18) Stop favoring experience design over experience improvement! Creating great experiences is certainly valuable, but this typically ignores headquarters’ processes, policies, and structures that are prevalent pebbles in your customers’ shoes. These pebbles are enormously expensive. Ensure your CX team knows root cause improvement techniques and learns how to influence the originators of root causes.

19) Stop excluding some groups from VoC action expectations! Every work group across your enterprise is either helping or hindering customer experience. By definition, then, they are already an extension of your CX team. When you tailor VoC reports for each of them, and point out what they can do to make a difference, it elevates their purpose and performance. When I led customer experience company-wide for many years, we conducted CX improvement workshops for more than 60 account teams, product lines, and support functions. After the first couple years, CX champions in each group did this. Make sure your CX team knows how to speak the language of every work group. When you weave-in CX performance management to their existing work, it becomes a natural way of life. This is what’s meant when I use the phrase “making CX a team sport“.

Customer Experience Leadership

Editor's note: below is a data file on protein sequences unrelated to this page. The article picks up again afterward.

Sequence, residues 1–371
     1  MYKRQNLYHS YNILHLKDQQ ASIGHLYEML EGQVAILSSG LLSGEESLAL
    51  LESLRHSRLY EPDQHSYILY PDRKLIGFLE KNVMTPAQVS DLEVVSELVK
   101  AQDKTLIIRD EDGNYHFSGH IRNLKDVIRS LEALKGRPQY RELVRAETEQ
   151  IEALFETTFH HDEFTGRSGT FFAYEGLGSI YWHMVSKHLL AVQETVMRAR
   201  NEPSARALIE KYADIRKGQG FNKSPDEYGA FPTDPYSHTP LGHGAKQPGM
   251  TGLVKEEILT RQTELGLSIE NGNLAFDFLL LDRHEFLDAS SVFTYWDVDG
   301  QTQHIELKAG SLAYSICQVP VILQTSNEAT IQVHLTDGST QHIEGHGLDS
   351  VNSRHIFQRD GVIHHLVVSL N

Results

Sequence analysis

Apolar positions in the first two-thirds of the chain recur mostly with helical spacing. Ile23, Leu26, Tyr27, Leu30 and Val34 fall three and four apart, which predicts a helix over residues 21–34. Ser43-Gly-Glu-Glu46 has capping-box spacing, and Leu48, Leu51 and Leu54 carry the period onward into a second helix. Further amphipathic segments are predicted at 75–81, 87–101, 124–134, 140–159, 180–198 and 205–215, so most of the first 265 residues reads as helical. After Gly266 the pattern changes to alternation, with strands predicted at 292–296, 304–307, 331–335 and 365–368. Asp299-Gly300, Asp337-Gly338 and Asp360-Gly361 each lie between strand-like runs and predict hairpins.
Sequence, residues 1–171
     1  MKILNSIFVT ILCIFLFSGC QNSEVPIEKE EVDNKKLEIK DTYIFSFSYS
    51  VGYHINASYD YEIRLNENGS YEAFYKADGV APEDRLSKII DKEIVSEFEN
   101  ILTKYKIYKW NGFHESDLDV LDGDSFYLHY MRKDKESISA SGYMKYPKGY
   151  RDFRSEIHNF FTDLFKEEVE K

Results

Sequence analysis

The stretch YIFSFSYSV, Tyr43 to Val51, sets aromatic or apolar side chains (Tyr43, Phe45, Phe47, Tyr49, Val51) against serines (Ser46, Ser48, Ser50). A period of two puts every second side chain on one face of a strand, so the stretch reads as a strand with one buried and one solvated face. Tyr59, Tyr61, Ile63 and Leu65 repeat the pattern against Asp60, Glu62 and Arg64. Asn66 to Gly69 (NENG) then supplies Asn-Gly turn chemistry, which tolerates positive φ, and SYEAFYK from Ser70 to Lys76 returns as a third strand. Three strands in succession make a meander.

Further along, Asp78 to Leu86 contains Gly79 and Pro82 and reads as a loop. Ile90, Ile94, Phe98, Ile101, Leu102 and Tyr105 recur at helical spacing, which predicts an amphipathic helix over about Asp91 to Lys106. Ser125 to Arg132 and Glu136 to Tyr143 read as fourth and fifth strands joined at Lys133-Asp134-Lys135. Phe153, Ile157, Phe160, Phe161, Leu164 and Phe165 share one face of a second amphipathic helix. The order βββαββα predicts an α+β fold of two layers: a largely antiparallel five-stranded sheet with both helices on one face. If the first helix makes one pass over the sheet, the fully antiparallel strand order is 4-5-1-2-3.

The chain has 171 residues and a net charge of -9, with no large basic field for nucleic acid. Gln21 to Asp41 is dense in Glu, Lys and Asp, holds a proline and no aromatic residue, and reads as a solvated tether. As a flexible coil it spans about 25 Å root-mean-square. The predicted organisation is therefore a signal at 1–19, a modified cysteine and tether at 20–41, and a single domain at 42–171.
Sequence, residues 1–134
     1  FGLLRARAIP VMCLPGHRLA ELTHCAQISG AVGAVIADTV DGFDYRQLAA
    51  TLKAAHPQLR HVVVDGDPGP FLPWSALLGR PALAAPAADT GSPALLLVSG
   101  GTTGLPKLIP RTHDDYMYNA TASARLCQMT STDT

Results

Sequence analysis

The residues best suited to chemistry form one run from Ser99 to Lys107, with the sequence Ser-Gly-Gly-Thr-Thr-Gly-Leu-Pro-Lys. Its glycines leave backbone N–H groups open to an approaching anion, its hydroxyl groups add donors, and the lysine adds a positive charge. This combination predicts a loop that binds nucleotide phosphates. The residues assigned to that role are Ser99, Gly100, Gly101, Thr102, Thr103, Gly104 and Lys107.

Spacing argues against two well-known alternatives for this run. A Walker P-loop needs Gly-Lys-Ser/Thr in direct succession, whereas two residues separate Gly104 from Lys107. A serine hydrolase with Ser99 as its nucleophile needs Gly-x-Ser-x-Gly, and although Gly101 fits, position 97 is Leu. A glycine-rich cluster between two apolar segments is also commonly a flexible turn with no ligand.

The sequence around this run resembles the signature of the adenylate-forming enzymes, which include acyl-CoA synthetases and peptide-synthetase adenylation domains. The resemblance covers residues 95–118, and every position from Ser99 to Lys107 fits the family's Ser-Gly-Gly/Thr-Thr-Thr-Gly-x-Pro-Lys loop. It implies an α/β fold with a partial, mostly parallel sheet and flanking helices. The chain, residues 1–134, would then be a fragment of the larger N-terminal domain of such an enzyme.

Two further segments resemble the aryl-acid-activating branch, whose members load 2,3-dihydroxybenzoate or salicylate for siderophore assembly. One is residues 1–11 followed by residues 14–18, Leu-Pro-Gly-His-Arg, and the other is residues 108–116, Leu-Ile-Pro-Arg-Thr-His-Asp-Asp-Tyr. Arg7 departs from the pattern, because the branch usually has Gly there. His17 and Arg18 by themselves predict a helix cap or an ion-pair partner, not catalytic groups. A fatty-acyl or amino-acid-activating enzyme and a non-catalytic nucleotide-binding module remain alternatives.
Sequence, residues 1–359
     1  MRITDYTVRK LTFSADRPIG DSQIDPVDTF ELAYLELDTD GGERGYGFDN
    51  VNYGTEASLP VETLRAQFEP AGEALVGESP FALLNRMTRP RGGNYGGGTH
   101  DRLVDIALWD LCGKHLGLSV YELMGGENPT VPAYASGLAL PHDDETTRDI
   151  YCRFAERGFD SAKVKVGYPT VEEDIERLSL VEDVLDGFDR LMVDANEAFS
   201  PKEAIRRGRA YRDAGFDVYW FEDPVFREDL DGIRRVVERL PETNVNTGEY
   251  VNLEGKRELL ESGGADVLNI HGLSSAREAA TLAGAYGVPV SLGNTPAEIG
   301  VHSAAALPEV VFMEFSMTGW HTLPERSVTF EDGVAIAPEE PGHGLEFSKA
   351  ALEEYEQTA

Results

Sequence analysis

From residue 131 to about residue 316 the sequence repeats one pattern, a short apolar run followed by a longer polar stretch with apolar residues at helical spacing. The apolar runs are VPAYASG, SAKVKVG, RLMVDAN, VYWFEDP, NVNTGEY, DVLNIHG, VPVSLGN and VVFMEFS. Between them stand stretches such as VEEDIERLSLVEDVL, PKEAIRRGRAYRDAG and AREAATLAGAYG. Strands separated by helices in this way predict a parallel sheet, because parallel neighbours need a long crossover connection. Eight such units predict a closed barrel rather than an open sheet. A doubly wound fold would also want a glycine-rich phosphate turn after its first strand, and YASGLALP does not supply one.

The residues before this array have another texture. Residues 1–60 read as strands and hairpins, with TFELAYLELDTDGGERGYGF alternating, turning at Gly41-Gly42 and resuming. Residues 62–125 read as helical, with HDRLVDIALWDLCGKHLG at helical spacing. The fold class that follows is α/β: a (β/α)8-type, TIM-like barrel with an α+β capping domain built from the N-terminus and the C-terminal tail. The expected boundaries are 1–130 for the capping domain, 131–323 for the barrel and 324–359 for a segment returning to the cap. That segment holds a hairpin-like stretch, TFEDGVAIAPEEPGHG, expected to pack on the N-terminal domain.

20) Stop expecting your CMO to be your CCO! Marketing is about setting expectations (value proposition, brand promise, communications, lead generation). Customer experience is about a one-to-one ratio between what’s received versus expected, from your customers’ perspective. Driving this ratio requires a very different set of competencies. A CCO’s customers are internal as much as they are external.

21) Stop under-preparing CCOs! The role of CCO is certainly as vital as your CHRO, CMO, CIO, CFO, etc. These leaders are best when they are well-versed in business savvy and well-rounded in their craft. Your CCO’s craft is described in the 20 points above. Stop referring to CX programs. Treat CXM like HRM and other support functions: CXM is a way of life, a vital gap-closing function, the conscience of your end-to-end ecosystem. Your CX strategy must cover all customer experience components. Yet, all of these components do not need to report to the CCO. In fact, it’s even better when they do not, because it allows your CCO to be positioned as facilitator of every group doing their part toward almost-automatic CX excellence.

22) Stop separating business management from customer experience management! Customers’ success spells your success, which maximizes gains to your investors. Put the horse (customers) before the cart (running the business and delivering to investors). Voice your internal goals and guidance in terms of how they will help customers help you. Ironically, mainstream management practices tend to do this the other way around. Is intentional customer experience the North Star for your C-Suite’s decisions? Does it guide your structure, business models, policies, culture, processes, communication, reviews, approvals, and handoffs?